Students should recognize that the biceps flexes the arm while the triceps extends it. Some students might believe erroneously that the biceps pulls (contracts) to flex the arm and then pushes to extend it. However, they should have learned from their own muscles that the biceps is very relaxed and the triceps begins to tighten when the arm is extended.
Students should conclude that muscles act by contracting (shortening). Help them realize that muscles work in opposing pairs to produce opposite (for instance, push-pull) movements.
Note to teachers: The major objectives of this lesson are to stress that muscles produce movement when they contract and that they are arranged in opposing pairs. You should not get distracted with details of anatomy. Questions may come up, however, about how muscles attach to bone. You may wish to explain that
Students will probably understand that the biceps and triceps should each connect the upper arm to the lower arm. Although the anatomy is more complex than students need to understand, the biceps originates in two places, the collarbone and the upper arm bone (humerus) and then attaches to the radius of the lower arm. The triceps also originates in the collarbone and the humerus and then attaches to the ulna of the lower arm.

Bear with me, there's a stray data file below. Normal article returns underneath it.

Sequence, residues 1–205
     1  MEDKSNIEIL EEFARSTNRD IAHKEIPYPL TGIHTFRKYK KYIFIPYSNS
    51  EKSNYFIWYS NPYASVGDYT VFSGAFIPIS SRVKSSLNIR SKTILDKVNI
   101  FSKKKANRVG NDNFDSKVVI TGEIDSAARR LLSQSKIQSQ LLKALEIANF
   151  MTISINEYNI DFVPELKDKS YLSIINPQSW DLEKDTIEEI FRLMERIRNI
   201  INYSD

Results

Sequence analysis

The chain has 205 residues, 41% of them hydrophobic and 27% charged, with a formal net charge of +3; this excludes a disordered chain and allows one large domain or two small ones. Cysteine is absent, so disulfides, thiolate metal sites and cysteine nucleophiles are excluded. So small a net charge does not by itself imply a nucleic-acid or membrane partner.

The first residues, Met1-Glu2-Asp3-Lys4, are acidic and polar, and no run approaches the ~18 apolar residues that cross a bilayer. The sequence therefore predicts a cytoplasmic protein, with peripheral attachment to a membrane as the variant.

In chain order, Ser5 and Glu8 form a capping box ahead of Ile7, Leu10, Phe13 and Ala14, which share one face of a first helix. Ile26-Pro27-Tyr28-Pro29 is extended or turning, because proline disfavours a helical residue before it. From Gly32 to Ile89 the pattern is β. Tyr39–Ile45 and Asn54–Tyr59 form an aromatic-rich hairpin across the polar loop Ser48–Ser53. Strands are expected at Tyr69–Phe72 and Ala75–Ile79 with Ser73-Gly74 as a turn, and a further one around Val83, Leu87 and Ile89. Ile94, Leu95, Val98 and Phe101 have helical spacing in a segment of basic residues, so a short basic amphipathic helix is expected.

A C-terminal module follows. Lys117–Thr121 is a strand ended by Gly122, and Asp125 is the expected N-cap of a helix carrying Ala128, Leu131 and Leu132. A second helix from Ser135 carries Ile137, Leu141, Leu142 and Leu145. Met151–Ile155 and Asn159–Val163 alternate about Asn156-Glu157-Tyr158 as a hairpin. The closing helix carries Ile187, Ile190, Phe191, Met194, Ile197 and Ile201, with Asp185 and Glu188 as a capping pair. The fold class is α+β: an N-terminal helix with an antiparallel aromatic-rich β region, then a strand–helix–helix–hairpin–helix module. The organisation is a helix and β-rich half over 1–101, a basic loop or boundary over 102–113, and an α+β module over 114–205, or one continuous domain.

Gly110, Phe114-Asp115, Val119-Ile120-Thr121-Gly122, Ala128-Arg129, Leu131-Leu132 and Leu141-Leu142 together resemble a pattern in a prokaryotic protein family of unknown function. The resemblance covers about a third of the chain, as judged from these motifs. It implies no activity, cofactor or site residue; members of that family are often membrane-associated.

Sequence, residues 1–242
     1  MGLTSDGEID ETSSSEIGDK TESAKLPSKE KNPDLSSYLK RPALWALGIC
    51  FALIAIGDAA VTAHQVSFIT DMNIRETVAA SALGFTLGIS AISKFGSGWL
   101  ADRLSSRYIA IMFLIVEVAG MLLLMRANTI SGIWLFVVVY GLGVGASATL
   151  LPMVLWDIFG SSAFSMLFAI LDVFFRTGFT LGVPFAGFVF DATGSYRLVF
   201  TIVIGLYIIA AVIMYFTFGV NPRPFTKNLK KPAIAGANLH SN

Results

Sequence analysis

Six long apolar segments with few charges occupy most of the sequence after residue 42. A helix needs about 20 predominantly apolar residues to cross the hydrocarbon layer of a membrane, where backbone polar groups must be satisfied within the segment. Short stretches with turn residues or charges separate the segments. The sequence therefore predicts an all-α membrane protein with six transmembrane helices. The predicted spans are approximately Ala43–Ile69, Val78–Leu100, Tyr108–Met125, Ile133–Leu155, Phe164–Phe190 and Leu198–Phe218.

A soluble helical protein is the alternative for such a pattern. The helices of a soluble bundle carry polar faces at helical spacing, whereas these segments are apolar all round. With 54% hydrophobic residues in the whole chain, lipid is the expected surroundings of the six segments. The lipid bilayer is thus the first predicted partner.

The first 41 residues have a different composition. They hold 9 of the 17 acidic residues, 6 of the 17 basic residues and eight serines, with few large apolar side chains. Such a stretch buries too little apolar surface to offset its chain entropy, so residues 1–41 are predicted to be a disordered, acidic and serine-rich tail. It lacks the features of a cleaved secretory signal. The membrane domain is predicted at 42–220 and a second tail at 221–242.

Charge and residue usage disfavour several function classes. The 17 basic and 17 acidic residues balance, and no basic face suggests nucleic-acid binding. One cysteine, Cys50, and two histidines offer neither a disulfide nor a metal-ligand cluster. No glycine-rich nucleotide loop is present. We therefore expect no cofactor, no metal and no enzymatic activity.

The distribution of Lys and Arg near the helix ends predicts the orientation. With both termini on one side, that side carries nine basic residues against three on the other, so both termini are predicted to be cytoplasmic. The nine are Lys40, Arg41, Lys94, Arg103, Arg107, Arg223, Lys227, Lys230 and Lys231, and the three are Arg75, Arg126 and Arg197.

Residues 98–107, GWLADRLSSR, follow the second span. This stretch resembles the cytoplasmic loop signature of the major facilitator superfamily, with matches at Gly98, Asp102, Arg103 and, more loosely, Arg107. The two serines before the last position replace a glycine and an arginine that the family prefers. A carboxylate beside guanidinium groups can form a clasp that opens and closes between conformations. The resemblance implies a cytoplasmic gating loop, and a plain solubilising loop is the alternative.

Point out to students that the human body has more than 660 skeletal muscles, which includes 56 total in both legs.
By noting specific points of attachment of the muscle groups, students can assess the movement that contraction of a muscle group produces about joints at the hip, knee, and ankle.
Give each team one copy of Master 3.2, Anatomy of a Kick Results.
Explain that they will use this handout to record the locations and movements produced by the six muscle groups involved in the activity.
Direct students to their computer stations.
After the opening animation plays, the activity screen is divided into three sections:
Students should do the following:
These animations show the leg movements used to kick a ball. Students can play the animations at normal speed or use the slider to control the animation manually.